6ABC By Christie Ileto March 29, 2017 WEST PHILADELPHIA (WPVI) -- More than 1,300 kids applied, but there was only room for 81.  Global Leadership Academy in West Philadelphia held their annual lottery Tuesday night. Some parents left overjoyed, many more left disappointed.  Xuri'lyn Feliciano is one of the newest members of the charter school.  "This is the fourth school, well it's the first try for this school," said Tiana Peartree, who adds her child didn't get into the others she applied to.  The charter school attributes its explosive enrollment to a forward-thinking teaching method.  "People want to have their child here because it's a different kind of education, that's one thing. The other thing is people are dissatisfied with what they're getting in terms of District of Philadelphia and public education, and the fact that they have to go to their neighborhood school, and that they don't have the choice to pick a better school around the city," said Global Leadership Academy CEO Dr. Naomi Johnson-Booker.

Court upholds School District of Lancaster’s rejection of ABECS charter application
Fox43 POSTED 1:06 PM, MARCH 27, 2017, BY PAUL SMITH
Superintendent says case underscores need for charter school reform
Lancaster, PA — A Commonwealth Court decision upholds the rejection of a charter school application by the School District of Lancaster. The Academy of Business and Entrepreneurship Charter School application to open a charter school in Lancaster was rejected after the court determined fewer than 30 percent of signatures on a petition to appeal the school board’s initial rejection.  This ruling means ABECS cannot appeal SDL’s rejection of the charter application to the Pennsylvania Charter School Appeal Board.  The district says it invested hundreds of man-hours evaluating and considering the academy’s 2012 application. The application was overwhelmingly rejected by the School Board.

Lancaster nonprofit introduces healthy eating habits to Columbia students
Lancaster Online by ALEX GELI | Staff Writer March 30, 2017
Hannah Funk takes pride in her green thumb.
She’d rather be digging in the dirt of her mother’s garden than sitting in the comfort of her family’s home.  But other than the fruits and vegetables her family grows, the 11-year-old doesn’t always find healthy options in the house.  Her father often works late, so Hannah and her family sometimes eat SpaghettiOs or other easy-to-prepare, processed foods for dinner, the sixth-grader said. Unlike Hannah, her brother regularly snacks on junk food, she said.  Fruits and vegetables often go untouched in the refrigerator, Hannah said, as they’re pushed out of sight, left to spoil. Now, Hannah and fellow students at the Taylor Campus of Columbia Middle School are getting some help in learning how to keep fruits and vegetables front and center in their diets.  Created by Lancaster nonprofit CHI St. Joseph’s Children’s Health, “Building a Better You: A Healthy Habits, Healthy Smiles School Partnership Program” seeks to introduce more nutritious options into kids’ diets via taste testing in classrooms and community outreach.  Through fruit and vegetable taste testing twice a week for 36 weeks, children can eat the healthy foods they love — whether they knew it or not.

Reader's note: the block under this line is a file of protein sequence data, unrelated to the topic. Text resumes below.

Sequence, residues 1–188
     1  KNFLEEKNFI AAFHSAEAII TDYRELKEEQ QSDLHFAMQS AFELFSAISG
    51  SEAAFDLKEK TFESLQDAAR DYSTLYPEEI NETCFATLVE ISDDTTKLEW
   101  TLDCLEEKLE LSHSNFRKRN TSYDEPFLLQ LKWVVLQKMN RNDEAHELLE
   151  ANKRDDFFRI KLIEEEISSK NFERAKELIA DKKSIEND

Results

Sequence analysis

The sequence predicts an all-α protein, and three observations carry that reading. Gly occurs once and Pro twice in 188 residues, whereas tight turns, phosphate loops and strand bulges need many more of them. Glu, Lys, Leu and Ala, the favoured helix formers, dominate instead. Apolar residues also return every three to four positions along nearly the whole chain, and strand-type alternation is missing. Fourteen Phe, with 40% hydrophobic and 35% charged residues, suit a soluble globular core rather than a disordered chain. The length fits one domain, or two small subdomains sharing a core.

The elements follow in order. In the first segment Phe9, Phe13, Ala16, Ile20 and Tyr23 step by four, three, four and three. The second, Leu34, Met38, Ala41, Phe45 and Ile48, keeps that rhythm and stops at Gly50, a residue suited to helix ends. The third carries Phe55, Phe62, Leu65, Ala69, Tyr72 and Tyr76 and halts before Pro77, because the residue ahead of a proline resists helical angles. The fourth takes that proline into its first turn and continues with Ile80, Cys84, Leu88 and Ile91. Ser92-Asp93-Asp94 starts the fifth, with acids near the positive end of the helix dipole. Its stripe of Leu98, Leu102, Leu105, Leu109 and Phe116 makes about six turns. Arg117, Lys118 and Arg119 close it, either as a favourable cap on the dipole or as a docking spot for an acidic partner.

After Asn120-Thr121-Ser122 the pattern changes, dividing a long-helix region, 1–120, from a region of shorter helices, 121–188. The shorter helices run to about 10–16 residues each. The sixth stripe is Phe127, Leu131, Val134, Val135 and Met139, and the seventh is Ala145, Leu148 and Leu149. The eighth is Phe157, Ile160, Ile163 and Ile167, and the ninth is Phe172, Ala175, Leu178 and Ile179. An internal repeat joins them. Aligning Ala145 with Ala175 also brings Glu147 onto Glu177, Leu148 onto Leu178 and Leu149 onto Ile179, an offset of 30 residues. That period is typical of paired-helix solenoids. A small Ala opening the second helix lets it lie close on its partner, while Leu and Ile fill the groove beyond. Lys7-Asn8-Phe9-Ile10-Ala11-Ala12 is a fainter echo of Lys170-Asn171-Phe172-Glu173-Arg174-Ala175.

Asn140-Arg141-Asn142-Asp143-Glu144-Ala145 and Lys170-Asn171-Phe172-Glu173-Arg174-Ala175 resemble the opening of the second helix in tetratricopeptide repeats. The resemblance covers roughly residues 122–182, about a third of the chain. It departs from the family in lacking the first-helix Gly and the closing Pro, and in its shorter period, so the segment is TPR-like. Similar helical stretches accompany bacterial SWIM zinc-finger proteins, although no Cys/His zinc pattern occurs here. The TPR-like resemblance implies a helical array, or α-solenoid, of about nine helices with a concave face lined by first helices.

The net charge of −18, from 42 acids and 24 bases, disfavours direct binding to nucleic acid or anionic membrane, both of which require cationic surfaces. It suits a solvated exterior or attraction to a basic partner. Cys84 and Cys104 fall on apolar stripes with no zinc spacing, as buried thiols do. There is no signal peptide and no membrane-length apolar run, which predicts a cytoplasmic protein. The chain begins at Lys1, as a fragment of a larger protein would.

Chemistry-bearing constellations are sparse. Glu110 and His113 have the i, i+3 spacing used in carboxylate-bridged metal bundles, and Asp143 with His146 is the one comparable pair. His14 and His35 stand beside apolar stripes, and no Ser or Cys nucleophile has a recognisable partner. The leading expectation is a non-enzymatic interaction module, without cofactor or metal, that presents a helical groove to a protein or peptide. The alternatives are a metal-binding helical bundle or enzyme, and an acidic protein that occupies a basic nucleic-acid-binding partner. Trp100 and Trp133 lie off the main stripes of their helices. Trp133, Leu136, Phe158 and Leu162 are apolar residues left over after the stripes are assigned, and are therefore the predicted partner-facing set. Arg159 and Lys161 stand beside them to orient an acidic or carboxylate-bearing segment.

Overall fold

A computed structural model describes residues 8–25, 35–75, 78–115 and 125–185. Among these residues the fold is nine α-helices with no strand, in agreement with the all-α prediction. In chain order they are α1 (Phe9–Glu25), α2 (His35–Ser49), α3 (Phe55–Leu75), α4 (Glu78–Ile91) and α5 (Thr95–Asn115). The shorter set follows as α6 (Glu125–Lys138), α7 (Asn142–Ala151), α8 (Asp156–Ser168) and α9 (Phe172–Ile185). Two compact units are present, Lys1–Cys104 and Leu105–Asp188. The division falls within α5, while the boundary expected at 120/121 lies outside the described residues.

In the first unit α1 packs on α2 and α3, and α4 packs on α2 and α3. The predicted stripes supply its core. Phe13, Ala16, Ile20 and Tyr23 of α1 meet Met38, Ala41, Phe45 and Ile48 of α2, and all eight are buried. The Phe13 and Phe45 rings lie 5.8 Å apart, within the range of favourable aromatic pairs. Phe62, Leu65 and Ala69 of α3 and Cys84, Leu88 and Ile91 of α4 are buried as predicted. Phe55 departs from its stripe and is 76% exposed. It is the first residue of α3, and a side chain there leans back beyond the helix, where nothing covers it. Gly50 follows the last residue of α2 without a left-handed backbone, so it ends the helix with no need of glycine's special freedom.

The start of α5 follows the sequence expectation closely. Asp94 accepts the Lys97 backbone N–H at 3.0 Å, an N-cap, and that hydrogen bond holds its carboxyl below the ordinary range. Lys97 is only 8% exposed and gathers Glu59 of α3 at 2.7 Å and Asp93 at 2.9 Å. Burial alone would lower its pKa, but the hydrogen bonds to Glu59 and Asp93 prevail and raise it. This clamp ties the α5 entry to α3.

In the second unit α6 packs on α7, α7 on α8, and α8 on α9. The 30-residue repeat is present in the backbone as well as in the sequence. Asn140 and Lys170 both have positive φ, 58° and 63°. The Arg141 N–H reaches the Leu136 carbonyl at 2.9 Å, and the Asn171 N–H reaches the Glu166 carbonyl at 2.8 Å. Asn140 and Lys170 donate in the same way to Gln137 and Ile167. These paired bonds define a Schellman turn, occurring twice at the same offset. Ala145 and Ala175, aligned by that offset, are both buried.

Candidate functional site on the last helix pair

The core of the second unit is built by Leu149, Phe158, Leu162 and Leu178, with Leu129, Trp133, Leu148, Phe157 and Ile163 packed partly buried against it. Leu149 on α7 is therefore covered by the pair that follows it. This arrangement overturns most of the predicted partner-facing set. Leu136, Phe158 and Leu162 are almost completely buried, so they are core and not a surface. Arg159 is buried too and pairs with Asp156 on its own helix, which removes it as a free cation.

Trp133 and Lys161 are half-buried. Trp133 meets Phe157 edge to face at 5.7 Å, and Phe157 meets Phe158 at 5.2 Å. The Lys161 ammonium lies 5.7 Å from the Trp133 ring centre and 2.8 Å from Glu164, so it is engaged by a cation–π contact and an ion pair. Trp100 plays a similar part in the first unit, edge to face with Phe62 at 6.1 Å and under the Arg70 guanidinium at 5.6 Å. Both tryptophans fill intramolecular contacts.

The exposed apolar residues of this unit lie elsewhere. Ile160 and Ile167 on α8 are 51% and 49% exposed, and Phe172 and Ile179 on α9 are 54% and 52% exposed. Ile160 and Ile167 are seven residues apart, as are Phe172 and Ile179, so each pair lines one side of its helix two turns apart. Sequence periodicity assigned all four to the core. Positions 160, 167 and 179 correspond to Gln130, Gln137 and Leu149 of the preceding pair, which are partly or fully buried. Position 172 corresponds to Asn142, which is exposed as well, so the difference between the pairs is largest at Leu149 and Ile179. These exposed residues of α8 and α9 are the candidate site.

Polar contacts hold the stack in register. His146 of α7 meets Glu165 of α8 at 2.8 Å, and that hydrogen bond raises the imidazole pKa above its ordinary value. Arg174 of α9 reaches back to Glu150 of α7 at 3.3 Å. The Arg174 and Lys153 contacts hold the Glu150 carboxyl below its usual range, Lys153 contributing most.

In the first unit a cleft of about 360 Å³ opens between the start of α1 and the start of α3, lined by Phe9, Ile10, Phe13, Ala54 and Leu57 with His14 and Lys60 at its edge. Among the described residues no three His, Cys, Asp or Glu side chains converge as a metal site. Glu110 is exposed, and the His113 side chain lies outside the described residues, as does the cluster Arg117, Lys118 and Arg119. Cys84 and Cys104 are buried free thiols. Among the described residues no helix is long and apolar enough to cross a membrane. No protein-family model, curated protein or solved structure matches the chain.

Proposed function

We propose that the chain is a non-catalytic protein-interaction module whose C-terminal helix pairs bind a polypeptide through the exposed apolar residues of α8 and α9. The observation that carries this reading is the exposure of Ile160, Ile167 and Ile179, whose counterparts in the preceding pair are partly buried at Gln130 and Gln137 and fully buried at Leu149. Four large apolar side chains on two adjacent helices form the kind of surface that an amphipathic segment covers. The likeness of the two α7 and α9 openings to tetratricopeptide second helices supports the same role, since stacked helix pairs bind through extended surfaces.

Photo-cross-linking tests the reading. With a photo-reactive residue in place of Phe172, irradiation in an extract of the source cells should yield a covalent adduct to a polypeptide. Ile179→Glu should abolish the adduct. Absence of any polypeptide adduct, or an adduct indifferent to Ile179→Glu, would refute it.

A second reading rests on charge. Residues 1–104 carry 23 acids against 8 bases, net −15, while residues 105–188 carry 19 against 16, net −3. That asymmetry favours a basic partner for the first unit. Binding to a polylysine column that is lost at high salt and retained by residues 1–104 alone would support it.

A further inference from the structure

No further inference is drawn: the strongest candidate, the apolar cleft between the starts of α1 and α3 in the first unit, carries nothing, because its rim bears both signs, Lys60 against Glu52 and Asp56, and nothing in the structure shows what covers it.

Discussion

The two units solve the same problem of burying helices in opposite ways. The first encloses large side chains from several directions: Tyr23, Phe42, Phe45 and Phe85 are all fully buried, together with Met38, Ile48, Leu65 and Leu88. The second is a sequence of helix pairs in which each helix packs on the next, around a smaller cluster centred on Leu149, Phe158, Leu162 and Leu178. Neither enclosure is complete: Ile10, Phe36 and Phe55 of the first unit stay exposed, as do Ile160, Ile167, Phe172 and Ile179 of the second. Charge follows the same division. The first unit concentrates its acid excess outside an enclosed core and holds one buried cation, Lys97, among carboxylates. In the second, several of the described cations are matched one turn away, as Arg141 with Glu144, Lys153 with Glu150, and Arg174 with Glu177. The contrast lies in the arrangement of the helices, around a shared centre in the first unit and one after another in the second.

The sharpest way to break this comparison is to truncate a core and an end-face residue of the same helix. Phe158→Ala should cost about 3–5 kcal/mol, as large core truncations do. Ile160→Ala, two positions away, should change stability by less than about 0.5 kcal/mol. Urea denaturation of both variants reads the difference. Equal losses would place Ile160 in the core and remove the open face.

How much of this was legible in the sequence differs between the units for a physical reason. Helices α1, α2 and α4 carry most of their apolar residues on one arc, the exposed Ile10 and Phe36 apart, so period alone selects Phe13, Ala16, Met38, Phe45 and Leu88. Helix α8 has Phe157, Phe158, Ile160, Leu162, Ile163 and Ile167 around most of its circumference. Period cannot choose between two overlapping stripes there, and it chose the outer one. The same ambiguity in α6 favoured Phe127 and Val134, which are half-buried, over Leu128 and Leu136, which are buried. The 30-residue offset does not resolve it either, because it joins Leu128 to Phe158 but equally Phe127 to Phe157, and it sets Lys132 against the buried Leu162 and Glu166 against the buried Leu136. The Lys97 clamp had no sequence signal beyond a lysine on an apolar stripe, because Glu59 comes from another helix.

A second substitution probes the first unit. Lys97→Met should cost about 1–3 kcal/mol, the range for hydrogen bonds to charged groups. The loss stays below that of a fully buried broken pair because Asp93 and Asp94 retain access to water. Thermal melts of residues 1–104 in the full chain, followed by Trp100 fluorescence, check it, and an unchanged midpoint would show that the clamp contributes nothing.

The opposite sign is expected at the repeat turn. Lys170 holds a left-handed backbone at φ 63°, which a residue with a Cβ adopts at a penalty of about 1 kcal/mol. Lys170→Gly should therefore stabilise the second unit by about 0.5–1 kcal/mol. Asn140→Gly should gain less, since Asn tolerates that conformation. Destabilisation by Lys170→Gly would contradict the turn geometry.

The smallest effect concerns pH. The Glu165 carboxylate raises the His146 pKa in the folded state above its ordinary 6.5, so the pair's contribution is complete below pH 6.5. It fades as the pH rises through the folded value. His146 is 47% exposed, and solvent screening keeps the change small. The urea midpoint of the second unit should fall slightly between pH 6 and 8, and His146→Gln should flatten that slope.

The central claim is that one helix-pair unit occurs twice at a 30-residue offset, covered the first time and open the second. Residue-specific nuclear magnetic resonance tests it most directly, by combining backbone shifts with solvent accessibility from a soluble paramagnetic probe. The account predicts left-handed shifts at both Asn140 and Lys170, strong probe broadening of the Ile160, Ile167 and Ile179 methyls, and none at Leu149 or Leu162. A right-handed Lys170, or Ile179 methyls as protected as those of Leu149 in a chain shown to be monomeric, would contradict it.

Strike averted for Keystone Oaks schools; teachers union, district reach tentative deal
PITTSBURGH POST-GAZETTE MAR 30, 2017
The Keystone Oaks teachers union has reached a tentative contract agreement with the school district, averting a strike that was scheduled to start Thursday.  Classes are being held on Thursday; there are no classes on Friday due to an already scheduled teacher inservice day. Details of the tentative agreement, reached during a nearly 14-hour bargaining session that went into early Thursday, have not been released.  The union said more details would be released after the union membership and school board ratify the new contract, which is expected by April 11. “We are pleased that the district and KOEA were able to come to an agreement that is sustainable, fair and, above all else, puts the students first,” school board President Matt Cesario said. “We look forward to working with the teachers, counselors and nurses to continue to provide a high quality education for all Keystone Oaks students.”  The agreement provides for a one-year extension of the current contract. 


DeVos Compares School Choice Fight to Uber vs. Taxis; Decries State of Test Scores
Education Week Politics K12 Blog By Andrew Ujifusa on March 29, 2017 12:17 PM
At a Tuesday event hosted by the Brown Center on Education Policy at the Brookings Institution, U.S. Secretary of Education Betsy DeVos in a speech compared the the response of the education establishment to taxi services undercut by services like Uber and Lyft.  "Just like the traditional taxi service revolted against ride-sharing, so too does the education establishment feel threatened by the rise of school choice," DeVos said. (It's not the first time she's raised Uber in the context of educational innovation, or the lack thereof.)  But in a subsequent discussion Brookings' Grover J. "Russ" Whitehurst asked DeVos whether she was concerned that if school choice expansion is implemented badly it could actually hurt educational outcomes.  Her response? She said she wasn't sure they could be much worse, and cited two national tests to back up her point.  "Our PISA scores have continued to deteriorate" when compared to other nations, DeVos told Whitehurst. She was referring to the Program for International Student Assessment, which is given to 15-year-olds in 77 countries and educational systems. And she said that the country's National Assessment for Educational Progress (NAEP) scores are "stagnant at best." 

Trump wants $3B cut to education this year